Chronic kidney weakness: treatment

Chronic kidney weakness

An untreated chronic kidney weakness often leads to complete failure of the kidneys (terminal renal failure) after years, especially in the case of hereditary diseases of the kidneys or if there is a lot of protein in the urine. The more a treatment can reduce the protein levels in the blood, the more likely it is to prevent complete kidney failure.

The aim of any treatment is to prevent or at least delay the progression of the disease. Although a complete cure is not possible in most cases, the earlier a kidney weakness is treated, the greater the chances of success. However, for some hereditary diseases, such as the familial cystic kidney, there is still no therapy available.

A distinction is made between the treatment of the disease underlying the kidney weakness, e.g. diabetes, high blood pressure or glomerulonephritis, and symptomatic treatment to alleviate the effects of the kidney weakness, e.g. anemia, edema, potassium increase. Early treatment of the underlying disease is a prerequisite for the successful treatment of kidney weakness.

If a kidney weakness is not yet too far advanced, it can be treated with medication. Later, an artificial blood purification (dialysis) or a kidney transplant is usually necessary.

Drug treatment

Diabetes medication

In the case of diabetes mellitus, antihypertensive drugs are used to lower blood sugar levels, and anti-inflammatory drugs are used to reduce high blood pressure and inflammation of the kidney cells. Good control of blood sugar and blood pressure and permanent monitoring of these two values can prevent the occurrence of kidney disease from the outset or slow down the progression of existing kidney weakness.

Blood pressure medication

In patients with high blood pressure, antihypertensive drugs can slow the progression of the declining renal function. In this context, so-called ACE inhibitors and angiotensin II receptor antagonists are preferred, which, in addition to their antihypertensive effect, hardly burden the kidneys. It is important to note that the kidney-protective effect of ACE inhibitors is independent of blood pressure. Thus, ACE inhibitors are also prescribed when blood pressure values are normal. The target value is a blood pressure of 130/80. To achieve this, in many cases several drugs with different mechanisms of action have to be used. Patients can support the drug therapy through physical activity, no nicotine and a low-salt diet.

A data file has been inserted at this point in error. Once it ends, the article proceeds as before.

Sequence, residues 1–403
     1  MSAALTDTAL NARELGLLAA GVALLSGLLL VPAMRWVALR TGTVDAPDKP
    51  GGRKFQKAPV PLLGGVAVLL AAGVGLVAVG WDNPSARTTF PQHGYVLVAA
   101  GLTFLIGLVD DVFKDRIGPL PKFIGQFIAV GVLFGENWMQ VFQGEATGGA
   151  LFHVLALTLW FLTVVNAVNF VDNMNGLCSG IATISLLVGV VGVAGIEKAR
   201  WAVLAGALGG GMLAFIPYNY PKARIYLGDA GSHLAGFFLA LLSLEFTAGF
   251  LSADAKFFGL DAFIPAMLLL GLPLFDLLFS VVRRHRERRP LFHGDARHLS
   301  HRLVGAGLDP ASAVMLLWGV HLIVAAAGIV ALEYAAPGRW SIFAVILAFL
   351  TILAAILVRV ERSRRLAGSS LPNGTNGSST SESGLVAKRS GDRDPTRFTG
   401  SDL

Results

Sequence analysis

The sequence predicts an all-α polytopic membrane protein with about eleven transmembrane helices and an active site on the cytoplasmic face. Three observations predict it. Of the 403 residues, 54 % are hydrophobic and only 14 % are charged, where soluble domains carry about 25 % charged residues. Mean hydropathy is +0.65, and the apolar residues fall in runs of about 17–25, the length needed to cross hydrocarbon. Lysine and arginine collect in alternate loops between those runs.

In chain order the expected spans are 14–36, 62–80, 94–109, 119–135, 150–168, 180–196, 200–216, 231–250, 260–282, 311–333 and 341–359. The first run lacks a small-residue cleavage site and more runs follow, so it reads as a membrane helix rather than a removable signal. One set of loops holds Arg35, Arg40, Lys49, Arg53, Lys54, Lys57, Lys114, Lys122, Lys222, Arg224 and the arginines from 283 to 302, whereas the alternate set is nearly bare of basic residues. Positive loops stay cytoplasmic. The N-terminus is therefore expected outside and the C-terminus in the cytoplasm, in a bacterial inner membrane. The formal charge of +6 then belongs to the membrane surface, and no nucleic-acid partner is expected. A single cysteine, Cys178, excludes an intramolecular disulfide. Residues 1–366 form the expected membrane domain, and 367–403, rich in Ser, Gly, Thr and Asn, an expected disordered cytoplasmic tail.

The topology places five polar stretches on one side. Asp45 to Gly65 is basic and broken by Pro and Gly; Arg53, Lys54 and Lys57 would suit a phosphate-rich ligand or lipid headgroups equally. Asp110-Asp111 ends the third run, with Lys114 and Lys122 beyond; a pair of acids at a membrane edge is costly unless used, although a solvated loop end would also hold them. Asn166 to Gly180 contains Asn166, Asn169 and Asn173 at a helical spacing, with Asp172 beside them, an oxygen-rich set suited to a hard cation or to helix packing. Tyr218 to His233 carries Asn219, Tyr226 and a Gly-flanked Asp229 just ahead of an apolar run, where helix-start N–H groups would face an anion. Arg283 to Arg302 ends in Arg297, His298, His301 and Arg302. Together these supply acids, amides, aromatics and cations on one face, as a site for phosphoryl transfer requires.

Anti-inflammatory drugs

Inflammation of the renal corpuscles (glomerulonephritis) can be treated with drugs that reduce the activity of the immune system. These so-called immunosuppressants include drugs such as cortisone, cyclosporine or cyclophosphamide.

Hormones

Since the formation of new red blood cells also decreases in the case of kidney weakness, the kidney hormone erythropoietin (Epo) is administered in the case of anemia (renal anemia), which promotes the formation of new blood cells and thus increases the number of red blood cells. Before Epo is used, the doctor will measure the amount of iron in the body, as iron is often also missing in chronic kidney weakness and anemia.

Fat reducer

Blood lipid-lowering drugs such as statins are used to treat elevated cholesterol levels and to treat cardiovascular diseases such as arteriosclerosis.

Diuretics and phosphate binders

Diuretic drugs, so-called diuretics, increase the excretion of salt and water. Although these drugs can increase the amount of urine, they do not improve the detoxification function of the kidneys. If a low phosphate diet cannot keep phosphate levels stable as kidney function decreases, so-called phosphate binders are used, e.g. calcium carbonate, potassium acetate, calcium citrate. These bind a part of the phosphate in food already in the gastrointestinal tract. They should be taken in the correct dosage immediately before or at the beginning of the meal.

Treatment with vitamin D and/or vitamin D analogs also serves to normalize calcium and phosphate metabolism.

Dialysis

According to current guidelines, the initiation of renal replacement therapy (dialysis) is recommended at the latest when the creatinine clearance is less than 5-10 milliliters/minute, and earlier for diabetes patients. If a patient already suffers from damage to many organs (uremic syndrome) or if edema or high blood pressure cannot be controlled in any other way, renal replacement therapy should be started earlier.

It is important that the preparation and initiation of renal replacement therapy is carried out in good time. An adequate nutritional status, a well-adjusted blood pressure and a balanced blood count are important prerequisites.

If terminal renal failure occurs despite all therapeutic measures, only dialysis or a kidney transplant can help. This is the case when the consequences of the impaired kidney function can no longer be controlled by an appropriate diet and medication. Since an early start improves the prospects for treatment, preparations should be made in good time. Today, there are two different blood purification methods: hemodialysis as the most commonly used procedure on the one hand, and peritoneal dialysis on the other.

Kidney Transplantation

In a kidney transplant, a kidney patient receives a healthy kidney from a living or deceased donor. The surgeon transplants a kidney from either a deceased or a living relative or close relative. This is possible without any health restrictions for the donor, since of the two kidneys that each person usually possesses, a single one is sufficient for blood purification and urine production.

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